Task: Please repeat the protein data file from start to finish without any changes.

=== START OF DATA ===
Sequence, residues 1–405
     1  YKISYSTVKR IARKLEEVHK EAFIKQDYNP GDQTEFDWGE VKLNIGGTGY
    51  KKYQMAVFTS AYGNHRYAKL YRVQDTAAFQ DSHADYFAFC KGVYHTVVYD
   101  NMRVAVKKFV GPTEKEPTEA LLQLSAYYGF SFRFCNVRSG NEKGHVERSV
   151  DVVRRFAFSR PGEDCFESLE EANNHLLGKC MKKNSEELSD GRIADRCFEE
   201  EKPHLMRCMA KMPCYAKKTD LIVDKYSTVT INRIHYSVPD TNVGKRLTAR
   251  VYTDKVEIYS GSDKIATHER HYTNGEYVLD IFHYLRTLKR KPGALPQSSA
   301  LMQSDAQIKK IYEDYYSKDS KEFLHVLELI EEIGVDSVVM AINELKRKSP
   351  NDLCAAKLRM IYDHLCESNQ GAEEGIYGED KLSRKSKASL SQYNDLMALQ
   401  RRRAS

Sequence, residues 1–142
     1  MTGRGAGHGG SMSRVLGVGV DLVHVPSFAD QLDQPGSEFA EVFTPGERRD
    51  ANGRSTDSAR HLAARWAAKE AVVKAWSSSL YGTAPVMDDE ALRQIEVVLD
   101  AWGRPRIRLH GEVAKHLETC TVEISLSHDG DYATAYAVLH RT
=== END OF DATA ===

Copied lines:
Sequence, residues 1–405
     1  YKISYSTVKR IARKLEEVHK EAFIKQDYNP GDQTEFDWGE VKLNIGGTGY
    51  KKYQMAVFTS AYGNHRYAKL YRVQDTAAFQ DSHADYFAFC KGVYHTVVYD
   101  NMRVAVKKFV GPTEKEPTEA LLQLSAYYGF SFRFCNVRSG NEKGHVERSV
   151  DVVRRFAFSR PGEDCFESLE EANNHLLGKC MKKNSEELSD GRIADRCFEE
   201  EKPHLMRCMA KMPCYAKKTD LIVDKYSTVT INRIHYSVPD TNVGKRLTAR
   251  VYTDKVEIYS GSDKIATHER HYTNGEYVLD IFHYLRTLKR KPGALPQSSA
   301  LMQSDAQIKK IYEDYYSKDS KEFLHVLELI EEIGVDSVVM AINELKRKSP
   351  NDLCAAKLRM IYDHLCESNQ GAEEGIYGED KLSRKSKASL SQYNDLMALQ
   401  RRRAS

Sequence, residues 1–142
     1  MTGRGAGHGG SMSRVLGVGV DLVHVPSFAD QLDQPGSEFA EVFTPGERRD
    51  ANGRSTDSAR HLAARWAAKE AVVKAWSSSL YGTAPVMDDE ALRQIEVVLD
   101  AWGRPRIRLH GEVAKHLETC TVEISLSHDG DYATAYAVLH RT